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A Modified Bragg's Law

  1. Oct 2, 2016 #1
    Hi guys, the x-ray data booklet gives a modified Bragg's Law that seems to be a combination of Snell's and Braggs. I'll post a picture of what this looks like. I've tried combining the two equations and coming up with their answer but can't get a solid derivation. Any help or a point toward a derivation would be awesome. Thanks!

    http://imgur.com/a/CvUGz

    http://imgur.com/a/CvUGz
     
  2. jcsd
  3. Oct 2, 2016 #2
     
    Last edited by a moderator: May 8, 2017
  4. Oct 2, 2016 #3

    Charles Link

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    I get something similar, but a couple of corrections. I don't know if my calculations are correct, but I can show you what I got.
    One problem with the Bragg equation is the ## \theta ## is not measured from the normal to the surface. In the following derivation, I will use ## \theta ## as from the normal, and ## \theta ' ## as measured from the surface. The index "n" is assumed to be approximately 1 but is assumed to be ## n=1+\delta ##. (This is one of two places where I don't agree completely with what they stated.) ## \\ ## Beginning with ## 2nd cos(\theta_r)=m \lambda ## for constructive interference, and using Snell's law ## n sin(\theta_r)=sin(\theta_i) ##, then ## sin(\theta_r)=sin(\theta_i)/n ##. Also ## sin(\theta_i ')=cos(\theta_i) ## which will be used momentarily. We have ## cos(\theta_r)=(1-(sin(\theta_i)/n)^2)^{1/2} ##so that ## n cos(\theta_r)=(n^2-sin^2(\theta_i))^{1/2}=(n^2-1+1-sin^2(\theta_i))^{1/2}=(n^2-1+cos^2(\theta_i))^{1/2}=(n^2-1+sin^2(\theta_i '))^{1/2} ##Now expand with ## n^2-1=2 \delta ## (approximately)and ## sin(\theta_i ') ## being the larger term. This gives ## n cos(\theta_r)=sin(\theta_i ')(1+2 \delta/sin^2(\theta_i))^{1/2}=sin(\theta_i ')(1+\delta/sin^2(\theta_i ') ) ##. Now we have that ## 2d sin(\theta_i ')=m \lambda ## (Bragg's law without correction).So that ## sin^2(\theta_i ')=(m \lambda)^2/(4 d^2) ## . Putting it all together: ## \\ ## $$ 2d sin(\theta_i ')(1+4 d^2 \delta/(m \lambda)^2)=m \lambda $$. I will try to proofread my response carefully, but I think I have done it correctly. Note that I get a "+" sign for the correction part, not in concurrence with the attachment in the OP.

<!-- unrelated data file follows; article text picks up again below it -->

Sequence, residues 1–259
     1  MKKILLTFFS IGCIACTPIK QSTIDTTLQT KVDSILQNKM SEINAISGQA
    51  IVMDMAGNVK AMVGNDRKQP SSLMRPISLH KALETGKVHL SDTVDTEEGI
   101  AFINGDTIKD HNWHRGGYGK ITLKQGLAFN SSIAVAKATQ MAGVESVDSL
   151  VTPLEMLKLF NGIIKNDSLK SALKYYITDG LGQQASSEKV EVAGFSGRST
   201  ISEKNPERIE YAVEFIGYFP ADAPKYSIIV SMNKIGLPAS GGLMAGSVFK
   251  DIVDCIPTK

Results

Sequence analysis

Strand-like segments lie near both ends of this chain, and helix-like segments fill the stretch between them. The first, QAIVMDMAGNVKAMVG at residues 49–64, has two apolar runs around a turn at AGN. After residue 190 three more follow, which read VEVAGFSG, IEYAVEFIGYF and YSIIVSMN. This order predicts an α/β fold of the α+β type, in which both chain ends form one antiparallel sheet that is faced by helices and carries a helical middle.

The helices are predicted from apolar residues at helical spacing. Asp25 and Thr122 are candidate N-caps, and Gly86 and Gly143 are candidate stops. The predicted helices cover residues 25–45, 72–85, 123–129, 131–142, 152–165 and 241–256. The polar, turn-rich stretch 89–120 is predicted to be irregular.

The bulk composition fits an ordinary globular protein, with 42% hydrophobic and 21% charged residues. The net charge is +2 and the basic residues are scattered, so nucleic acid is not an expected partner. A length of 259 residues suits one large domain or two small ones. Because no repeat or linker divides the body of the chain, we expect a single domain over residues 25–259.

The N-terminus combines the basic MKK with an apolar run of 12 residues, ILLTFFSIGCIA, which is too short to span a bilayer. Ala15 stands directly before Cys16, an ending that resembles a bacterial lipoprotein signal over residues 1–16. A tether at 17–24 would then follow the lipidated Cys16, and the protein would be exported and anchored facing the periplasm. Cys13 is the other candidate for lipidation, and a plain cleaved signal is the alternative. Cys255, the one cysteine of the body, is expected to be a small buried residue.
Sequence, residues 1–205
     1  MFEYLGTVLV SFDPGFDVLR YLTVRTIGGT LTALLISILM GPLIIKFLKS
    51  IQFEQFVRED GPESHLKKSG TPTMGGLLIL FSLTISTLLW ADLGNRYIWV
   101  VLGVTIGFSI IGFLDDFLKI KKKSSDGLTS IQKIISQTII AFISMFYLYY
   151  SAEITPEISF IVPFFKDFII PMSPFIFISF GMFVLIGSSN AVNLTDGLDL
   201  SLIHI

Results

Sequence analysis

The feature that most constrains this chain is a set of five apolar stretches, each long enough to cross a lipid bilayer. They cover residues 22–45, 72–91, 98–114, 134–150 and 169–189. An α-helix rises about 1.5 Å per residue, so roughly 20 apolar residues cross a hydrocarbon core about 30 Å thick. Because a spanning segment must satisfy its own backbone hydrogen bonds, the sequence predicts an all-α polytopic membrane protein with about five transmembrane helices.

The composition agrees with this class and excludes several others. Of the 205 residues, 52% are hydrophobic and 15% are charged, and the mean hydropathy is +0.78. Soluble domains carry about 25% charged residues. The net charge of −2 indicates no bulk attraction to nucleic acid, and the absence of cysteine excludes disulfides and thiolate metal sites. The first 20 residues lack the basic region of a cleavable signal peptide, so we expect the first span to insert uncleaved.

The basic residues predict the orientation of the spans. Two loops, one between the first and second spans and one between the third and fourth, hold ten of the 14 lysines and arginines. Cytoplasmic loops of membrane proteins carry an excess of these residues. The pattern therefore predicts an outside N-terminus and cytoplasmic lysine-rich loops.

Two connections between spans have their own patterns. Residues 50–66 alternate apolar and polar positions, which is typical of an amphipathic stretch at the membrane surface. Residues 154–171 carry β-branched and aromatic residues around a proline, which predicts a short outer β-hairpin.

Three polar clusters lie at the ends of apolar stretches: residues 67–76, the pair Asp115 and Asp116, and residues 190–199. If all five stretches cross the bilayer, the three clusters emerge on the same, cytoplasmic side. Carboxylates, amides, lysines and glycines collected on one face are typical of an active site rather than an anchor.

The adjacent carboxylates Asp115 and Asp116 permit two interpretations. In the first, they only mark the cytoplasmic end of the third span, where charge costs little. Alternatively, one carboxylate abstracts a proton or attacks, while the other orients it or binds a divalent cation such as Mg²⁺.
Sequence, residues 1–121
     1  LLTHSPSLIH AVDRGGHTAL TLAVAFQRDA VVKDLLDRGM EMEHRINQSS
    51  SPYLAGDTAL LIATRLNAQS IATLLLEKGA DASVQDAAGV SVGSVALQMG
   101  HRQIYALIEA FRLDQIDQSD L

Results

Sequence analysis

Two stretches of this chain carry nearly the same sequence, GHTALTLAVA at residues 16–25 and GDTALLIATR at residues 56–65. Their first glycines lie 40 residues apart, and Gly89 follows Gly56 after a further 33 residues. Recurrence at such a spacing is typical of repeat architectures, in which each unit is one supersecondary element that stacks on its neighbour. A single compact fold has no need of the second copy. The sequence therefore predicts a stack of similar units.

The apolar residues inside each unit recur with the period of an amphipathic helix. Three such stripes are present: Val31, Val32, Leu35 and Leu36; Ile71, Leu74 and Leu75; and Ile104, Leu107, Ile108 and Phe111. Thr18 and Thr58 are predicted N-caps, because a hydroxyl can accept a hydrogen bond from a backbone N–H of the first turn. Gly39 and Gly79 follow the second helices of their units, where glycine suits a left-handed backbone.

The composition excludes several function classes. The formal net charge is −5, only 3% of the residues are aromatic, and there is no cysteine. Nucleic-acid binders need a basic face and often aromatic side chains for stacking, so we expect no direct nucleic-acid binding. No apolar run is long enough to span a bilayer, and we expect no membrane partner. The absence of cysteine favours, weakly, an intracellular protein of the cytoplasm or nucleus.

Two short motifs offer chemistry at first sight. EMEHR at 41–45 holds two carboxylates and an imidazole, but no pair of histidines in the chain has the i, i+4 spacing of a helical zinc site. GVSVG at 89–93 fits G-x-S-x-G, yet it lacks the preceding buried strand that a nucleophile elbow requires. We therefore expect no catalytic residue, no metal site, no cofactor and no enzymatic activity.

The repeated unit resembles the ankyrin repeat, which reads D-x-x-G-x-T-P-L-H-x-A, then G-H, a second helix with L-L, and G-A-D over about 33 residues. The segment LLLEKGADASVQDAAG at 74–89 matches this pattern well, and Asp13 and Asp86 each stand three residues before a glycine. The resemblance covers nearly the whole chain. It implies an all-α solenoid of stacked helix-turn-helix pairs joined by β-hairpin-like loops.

Last edited: Oct 2, 2016
  5. Oct 2, 2016 #4
    Oh wow, thanks a ton! This looks great.

    So far I had this:

    http://imgur.com/a/xJsHR

    Lol not even close. This was my latest attempt at least. Tried a ton of different ways to make sense of this. I didn't consider the geometry enough.

    Also, from your first form of the Bragg eqn, what happened to the 'n' term? Clearly, it's not part of the answer although I don't see where it disappears.
     
    Last edited: Oct 2, 2016
  6. Oct 2, 2016 #5

    Charles Link

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    I edited it just a moment ago, (a minor change), but I might continue to update it if I see any additional typos, etc., so please look at my original post once more, etc.
     
  7. Oct 2, 2016 #6
    Cool, will do; Thanks again man!
     
  8. Oct 2, 2016 #7

    Charles Link

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    The "n " term is multiplying ## cos(\theta_r) ##. It multiplied the parenthesis of ## (1-sin^2(\theta_i)/n^2)^{1/2} ## to give ## (n^2-sin^2(\theta_i))^{1/2} ##.
     
  9. Oct 2, 2016 #8
    I see. Great! I'll try to talk to someone about the sign discrepancy... it's listed other places with the negative sign as well.
     
  10. Oct 2, 2016 #9
    I think the sign error comes from the original form of Braggs law used. I think if we start with $$m\lambda=2nd\sin(\theta_r)$$ then we can remedy the sign error.
     
  11. Oct 2, 2016 #10

    Charles Link

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    My equations assume a constructive interference between each of the atomic layers throughout the material. I think I did it correctly. If I got a wrong sign for some reason, it wouldn't be the first time. I'm assuming a positive correction ## \delta ## for the refractive index...
     
  12. Oct 2, 2016 #11
    Ahhh okay, fair enough.
     
  13. Oct 2, 2016 #12

    Charles Link

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    A google just now, I think, supplies the answer. The article stated, in talking about x-rays, that the index of refraction is just slightly less than 1. Thereby they are using a positive ## \delta ## in your textbook, but use the definition ## n=1-\delta ##. Looks like we are now in concurrence with the textbook result. :-) :-)
     
  14. Oct 2, 2016 #13
    Beautiful, so then we can say $$n^2-1\approx-2\delta$$ Do I have that right? Then we'll get the negative sign in the expansion. Thank you.
     
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